Multivariate Analysis of a Personal Series of 247 Consecutive Patients with Liver Metastases from Colorectal Cancer: I. Treatment by Hepatic Resection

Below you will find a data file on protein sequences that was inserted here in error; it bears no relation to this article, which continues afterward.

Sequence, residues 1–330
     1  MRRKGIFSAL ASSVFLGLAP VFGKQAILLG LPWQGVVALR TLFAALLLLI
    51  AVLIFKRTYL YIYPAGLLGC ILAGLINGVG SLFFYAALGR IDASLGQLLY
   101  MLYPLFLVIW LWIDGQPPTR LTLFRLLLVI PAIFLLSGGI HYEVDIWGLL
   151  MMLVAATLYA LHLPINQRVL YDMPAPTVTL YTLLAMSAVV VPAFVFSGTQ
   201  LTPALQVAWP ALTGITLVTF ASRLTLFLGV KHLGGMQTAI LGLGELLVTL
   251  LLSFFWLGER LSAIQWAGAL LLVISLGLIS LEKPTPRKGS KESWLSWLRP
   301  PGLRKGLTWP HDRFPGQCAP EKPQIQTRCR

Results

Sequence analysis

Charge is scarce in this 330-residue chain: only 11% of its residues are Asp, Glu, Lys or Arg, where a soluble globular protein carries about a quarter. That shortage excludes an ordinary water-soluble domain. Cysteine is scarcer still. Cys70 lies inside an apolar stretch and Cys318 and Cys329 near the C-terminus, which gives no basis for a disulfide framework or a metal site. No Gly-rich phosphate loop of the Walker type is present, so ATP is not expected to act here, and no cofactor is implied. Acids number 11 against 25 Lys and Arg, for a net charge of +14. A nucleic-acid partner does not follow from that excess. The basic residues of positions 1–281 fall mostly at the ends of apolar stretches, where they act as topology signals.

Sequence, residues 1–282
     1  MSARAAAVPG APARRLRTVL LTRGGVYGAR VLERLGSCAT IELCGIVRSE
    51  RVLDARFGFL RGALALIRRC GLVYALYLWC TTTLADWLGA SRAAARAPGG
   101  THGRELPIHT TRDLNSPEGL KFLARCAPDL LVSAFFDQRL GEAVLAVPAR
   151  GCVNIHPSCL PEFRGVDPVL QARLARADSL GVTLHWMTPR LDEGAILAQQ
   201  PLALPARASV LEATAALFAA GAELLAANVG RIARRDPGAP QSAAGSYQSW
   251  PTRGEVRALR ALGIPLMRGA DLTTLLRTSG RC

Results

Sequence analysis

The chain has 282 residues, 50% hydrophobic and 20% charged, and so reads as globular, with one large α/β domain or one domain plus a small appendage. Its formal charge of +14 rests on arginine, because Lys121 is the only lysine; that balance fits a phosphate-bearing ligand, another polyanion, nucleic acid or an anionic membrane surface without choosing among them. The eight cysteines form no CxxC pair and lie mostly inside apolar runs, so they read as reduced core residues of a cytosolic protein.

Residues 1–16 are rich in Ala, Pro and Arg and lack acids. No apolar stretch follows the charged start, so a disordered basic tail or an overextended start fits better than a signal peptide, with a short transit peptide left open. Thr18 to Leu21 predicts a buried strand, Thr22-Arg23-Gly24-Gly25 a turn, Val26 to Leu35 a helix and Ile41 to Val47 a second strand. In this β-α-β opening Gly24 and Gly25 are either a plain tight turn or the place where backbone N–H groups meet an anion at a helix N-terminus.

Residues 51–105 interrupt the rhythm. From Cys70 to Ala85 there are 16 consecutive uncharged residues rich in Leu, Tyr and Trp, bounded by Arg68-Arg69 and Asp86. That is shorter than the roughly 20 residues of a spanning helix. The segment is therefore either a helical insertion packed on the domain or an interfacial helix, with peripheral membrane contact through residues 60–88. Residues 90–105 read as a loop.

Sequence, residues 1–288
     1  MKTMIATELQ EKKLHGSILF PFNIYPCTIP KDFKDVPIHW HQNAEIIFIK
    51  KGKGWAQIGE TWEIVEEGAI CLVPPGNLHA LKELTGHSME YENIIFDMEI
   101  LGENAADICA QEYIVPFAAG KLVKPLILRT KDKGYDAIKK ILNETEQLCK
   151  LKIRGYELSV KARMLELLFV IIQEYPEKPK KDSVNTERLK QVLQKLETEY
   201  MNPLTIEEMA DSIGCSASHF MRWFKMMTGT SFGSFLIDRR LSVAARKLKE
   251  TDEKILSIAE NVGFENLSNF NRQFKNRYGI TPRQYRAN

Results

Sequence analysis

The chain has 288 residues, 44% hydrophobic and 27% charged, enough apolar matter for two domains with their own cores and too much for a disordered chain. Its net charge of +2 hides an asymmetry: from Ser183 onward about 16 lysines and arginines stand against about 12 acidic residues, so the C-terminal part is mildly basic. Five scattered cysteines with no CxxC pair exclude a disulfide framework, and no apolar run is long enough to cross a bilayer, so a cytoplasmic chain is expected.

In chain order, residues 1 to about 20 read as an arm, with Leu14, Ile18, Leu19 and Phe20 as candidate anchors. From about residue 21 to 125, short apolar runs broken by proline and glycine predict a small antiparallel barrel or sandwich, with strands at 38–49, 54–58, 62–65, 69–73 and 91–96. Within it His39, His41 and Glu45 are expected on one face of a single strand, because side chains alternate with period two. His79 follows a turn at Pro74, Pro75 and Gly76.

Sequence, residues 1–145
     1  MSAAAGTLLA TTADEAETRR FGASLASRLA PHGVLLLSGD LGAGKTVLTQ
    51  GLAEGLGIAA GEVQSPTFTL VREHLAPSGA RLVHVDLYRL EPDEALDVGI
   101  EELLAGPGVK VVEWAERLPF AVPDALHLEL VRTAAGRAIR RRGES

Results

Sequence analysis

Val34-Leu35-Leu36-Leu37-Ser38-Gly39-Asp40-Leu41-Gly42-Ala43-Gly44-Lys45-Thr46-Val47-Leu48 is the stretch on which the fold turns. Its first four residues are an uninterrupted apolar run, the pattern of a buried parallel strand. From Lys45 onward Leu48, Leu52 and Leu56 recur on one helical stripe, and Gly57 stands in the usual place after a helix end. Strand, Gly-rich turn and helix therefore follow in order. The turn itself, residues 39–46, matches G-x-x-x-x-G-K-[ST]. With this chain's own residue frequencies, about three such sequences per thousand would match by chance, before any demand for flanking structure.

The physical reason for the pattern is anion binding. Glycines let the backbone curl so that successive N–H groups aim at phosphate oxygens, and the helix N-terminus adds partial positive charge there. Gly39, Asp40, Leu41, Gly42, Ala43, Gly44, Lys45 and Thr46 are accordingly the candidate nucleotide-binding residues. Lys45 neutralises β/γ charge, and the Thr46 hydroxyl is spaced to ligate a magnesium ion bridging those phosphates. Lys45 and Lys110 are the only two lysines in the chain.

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In the United States, there are an estimated 5000 to 6000 new patients annually who might be candidates for major hepatic resection to treat their recurrent colon cancer. Since 1971, the program reported here has evaluated various factors that might influence the curative potential of such an approach. Sixty-five patients had a major hepatic resection from March 1971 through May 1982. Using a stepwise proportional hazard analysis, all data that had been stored in CLINFO (a data analysis system by Bolt, Beranek and Newman; Boston, MA) were evaluated for the effect of multiple variables on the survival of patients with resected hepatic metastases. Twenty-seven had a right hepatic lobectomy; 14 had extended right hepatectomy with one having the caudate lobe also removed; ten had left lobectomy, nine had left lateral segmentectomy; and five had a major hepatic resection with three-dimensional wedge excision of a metastatic deposit in the contralateral lobe. The 30-day operative mortality rate was 7% (4/58) for patients undergoing the standard major hepatic resection. It was 14% for seven patients in whom the isolation-hypothermic perfusion technique was used early in the series. In ten patients, wedge excision only was required to remove the tumor. Stage I disease is defined as tumor confined to the resected portion of the liver without invasion of major intrahepatic vessels or bile ducts. Stage II disease is regional spread and Stage III disease is metastasis to lymph nodes or extraregional sites. The 3-year survival estimate was 66% for the 37 patients with Stage I disease. The 3-year survival estimate for 13 patients with Stage II disease was 58%. Five of the nine patients with Stage III disease are presently alive from 3 to 23 months; one of the other four died at 35 months of disease. The stage of liver disease was the most significant variable in this survival analysis (p = 0.02); Dukes' classification of colorectal primary was significant at p < 0.05. Those factors found not to be significant determinants of survival were: number of metastatic hepatic deposits, site of colon primary, age, sex, preoperative liver function tests, and CEA.

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